The panel’s findings come amid an uptick in violence in the northwest, northeast and south of the country, where the Commissioners highlighted the chilling return of besiegement against civilian populations by pro-Government forces.

“The parties to the conflict continue to perpetrate war crimes and crimes against humanity and infringing the basic human rights of Syrians,” said head of the Commission of Inquiry, Paulo Pinheiro. “The war on Syrian civilians continues, and it is difficult for them to find security or safe haven.”

Professor Pinheiro also described as “scandalous” the fact that many thousands of non-Syrian children born to former IS fighters continue to be held in detention in dreadful conditions in Syria’s north-east.

“Most foreign children remain deprived of their liberty since their home countries refuse to repatriate them,” he told journalists, on the sidelines of the 48th session of the Human Rights Council in Geneva.

“We have the most ratified convention in the world, the Convention on the Rights of the Child, is completely forgotten. And democratic States that are prepared to abide to this Convention they neglect the obligations of this Convention in what is happening in Al Hol and other camps and prison places.”

Some 40,000 children continue to be held in camps including Al Hol. Nearly half are Iraqi and 7,800 are from nearly 60 other countries who refuse to repatriate them, according to the Commission of Inquiry report, which covers the period from 1 July 2020 to 30 June 2021. 

The rights experts also condemned a siege by pro-Government forces on the town of Dar’a Al-Balad, the birthplace of the uprising in 2011, along with “siege-like tactics” in Quineitra and Rif Damascus governorates.

“Three years after the suffering that the Commission documented in eastern Ghouta, another tragedy has been unfolding before our eyes in Dar’a Al-Balad,” said Commissioner Hanny Megally, in reference to the siege of eastern Ghouta which lasted more than five years – and which the commissioners previously labelled “barbaric and medieval”.

In addition to the dangers posed by heavy artillery shelling, tens of thousands of civilians trapped inside Dar’a Al-Balad had insufficient access to food and health care, forcing many to flee, the Commissioners said.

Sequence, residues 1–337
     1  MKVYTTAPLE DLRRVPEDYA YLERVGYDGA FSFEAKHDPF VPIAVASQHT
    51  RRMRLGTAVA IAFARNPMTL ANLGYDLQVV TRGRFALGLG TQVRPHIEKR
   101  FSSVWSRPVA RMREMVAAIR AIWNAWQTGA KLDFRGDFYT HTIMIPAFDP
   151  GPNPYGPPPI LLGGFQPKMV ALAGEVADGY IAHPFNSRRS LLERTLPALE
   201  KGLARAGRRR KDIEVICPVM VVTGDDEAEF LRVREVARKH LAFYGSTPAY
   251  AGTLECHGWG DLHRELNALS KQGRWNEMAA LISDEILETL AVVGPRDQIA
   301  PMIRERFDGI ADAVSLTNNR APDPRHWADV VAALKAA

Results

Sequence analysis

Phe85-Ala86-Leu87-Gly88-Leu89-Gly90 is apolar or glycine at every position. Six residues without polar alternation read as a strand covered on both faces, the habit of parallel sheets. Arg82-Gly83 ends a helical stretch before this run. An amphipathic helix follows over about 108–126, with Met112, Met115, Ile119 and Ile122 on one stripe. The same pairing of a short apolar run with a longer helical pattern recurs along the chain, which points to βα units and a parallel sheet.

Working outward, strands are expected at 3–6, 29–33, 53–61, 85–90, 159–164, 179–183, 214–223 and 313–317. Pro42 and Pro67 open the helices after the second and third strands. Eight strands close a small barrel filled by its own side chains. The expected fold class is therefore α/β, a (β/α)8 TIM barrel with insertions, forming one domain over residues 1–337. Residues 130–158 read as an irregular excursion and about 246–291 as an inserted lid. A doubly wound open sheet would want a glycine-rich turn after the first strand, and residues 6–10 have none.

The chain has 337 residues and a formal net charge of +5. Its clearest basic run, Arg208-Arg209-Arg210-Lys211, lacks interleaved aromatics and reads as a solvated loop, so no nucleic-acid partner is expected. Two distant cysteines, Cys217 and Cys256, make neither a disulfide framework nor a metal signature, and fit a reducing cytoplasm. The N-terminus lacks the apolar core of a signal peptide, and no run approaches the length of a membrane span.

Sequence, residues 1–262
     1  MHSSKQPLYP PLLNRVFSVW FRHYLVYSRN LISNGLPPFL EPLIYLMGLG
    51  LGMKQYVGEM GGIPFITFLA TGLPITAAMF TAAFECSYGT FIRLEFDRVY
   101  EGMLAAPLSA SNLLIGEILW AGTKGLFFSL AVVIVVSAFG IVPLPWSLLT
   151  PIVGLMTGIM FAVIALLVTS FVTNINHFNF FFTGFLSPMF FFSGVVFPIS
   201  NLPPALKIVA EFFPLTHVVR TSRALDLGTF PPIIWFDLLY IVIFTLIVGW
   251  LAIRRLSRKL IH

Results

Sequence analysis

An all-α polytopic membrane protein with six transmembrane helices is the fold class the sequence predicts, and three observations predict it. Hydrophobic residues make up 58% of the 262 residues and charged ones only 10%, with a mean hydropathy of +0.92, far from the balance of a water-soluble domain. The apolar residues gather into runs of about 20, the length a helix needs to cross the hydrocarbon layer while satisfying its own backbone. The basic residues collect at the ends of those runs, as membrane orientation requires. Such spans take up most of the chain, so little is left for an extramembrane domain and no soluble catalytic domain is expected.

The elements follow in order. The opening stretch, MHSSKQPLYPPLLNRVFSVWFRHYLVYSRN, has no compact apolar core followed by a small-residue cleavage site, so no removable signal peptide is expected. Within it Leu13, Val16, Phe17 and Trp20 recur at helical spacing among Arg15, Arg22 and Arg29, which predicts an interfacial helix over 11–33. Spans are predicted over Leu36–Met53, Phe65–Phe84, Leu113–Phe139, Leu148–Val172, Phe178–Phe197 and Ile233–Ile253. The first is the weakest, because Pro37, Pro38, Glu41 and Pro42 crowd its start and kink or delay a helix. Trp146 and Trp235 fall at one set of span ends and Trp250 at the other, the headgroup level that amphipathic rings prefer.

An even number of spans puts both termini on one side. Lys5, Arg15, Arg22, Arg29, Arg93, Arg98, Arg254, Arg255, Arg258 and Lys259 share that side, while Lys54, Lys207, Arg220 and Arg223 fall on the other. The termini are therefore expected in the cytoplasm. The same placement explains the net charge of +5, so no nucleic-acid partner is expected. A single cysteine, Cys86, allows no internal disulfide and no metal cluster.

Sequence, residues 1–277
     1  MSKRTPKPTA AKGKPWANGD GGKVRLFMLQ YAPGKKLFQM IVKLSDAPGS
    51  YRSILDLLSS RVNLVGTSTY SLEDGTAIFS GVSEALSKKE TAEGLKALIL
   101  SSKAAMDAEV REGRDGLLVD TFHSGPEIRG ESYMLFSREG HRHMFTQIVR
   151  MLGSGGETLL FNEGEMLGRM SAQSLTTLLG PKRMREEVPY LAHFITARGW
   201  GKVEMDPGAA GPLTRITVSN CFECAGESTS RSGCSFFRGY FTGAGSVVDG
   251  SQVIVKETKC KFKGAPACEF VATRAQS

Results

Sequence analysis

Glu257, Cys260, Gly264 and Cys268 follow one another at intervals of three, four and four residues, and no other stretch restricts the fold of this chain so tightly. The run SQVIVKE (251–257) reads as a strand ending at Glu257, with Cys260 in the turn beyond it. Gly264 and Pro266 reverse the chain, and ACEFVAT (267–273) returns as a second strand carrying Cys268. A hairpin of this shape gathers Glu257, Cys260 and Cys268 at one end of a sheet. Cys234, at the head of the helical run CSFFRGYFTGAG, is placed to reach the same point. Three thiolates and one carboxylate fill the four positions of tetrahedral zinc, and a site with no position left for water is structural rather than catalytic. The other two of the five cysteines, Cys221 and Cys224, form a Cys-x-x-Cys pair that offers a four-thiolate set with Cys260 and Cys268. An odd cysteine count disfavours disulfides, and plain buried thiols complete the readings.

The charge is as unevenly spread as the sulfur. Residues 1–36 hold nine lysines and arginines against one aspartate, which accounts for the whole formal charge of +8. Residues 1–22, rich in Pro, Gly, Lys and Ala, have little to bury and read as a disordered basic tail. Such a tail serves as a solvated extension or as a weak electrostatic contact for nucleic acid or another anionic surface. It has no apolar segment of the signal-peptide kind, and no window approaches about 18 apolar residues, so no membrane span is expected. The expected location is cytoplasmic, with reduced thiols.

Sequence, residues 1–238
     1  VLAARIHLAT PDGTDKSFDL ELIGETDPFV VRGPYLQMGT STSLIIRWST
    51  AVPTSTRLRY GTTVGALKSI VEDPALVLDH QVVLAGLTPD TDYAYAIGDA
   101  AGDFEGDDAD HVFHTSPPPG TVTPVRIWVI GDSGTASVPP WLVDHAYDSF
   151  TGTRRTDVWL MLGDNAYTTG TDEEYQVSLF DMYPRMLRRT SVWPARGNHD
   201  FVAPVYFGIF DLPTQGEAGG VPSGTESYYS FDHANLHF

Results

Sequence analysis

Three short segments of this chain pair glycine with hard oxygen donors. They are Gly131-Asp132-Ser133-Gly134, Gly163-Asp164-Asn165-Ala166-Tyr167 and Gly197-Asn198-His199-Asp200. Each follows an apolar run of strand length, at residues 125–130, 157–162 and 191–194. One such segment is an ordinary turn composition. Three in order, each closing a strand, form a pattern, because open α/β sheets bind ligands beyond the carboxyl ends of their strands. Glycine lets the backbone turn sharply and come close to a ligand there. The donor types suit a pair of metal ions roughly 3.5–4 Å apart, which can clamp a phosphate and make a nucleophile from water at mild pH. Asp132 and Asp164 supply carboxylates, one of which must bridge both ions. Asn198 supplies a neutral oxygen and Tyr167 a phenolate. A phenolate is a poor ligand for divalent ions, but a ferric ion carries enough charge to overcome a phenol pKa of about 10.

In the Afrin and Ra’s al-Ayn regions of Aleppo, the Commissioners described how people lived in fear of car bombs “that are frequently detonated in crowded civilian areas”, targeting markets and busy streets.

At least 243 women, men and children have been killed in seven such attacks over the 12-month reporting period, they said, adding that the real toll is likely to be considerably higher.

Indiscriminate shelling has also continued, including on 12 June when munitions struck multiple locations in Afrin city in northwest Syria, killing and injuring many and destroying parts of al-Shifa hospital.

Insecurity in areas under the control of the Syrian Democratic Forces (SDF) in northeast Syria has also deteriorated, according to the Commission of Inquiry, with increased attacks by extremist “remnants” and conflict with Turkish forces.

The Commissioners noted that although President Assad controls about 70 per cent of the territory and 40 per cent of the pre-war population, there seems to be “no moves to unite the country or seek reconciliation. On the contrary.”

The senior rights experts also highlighted mounting discontent and protests amongst the population, impacted by fuel shortages and food insecurity, which has increased by 50 per cent in a year, to 12.4 million, citing UNFPA data.

“The hardships that Syrians are facing, particularly in the areas where the Government is back in control, are beginning to show in terms of protests by Syrians who have been loyal to the State,” said Mr. Megally. They are now saying, ‘10 years of conflict, our lives are getting worse rather than getting better, when do we see an end to this?’”

ENDS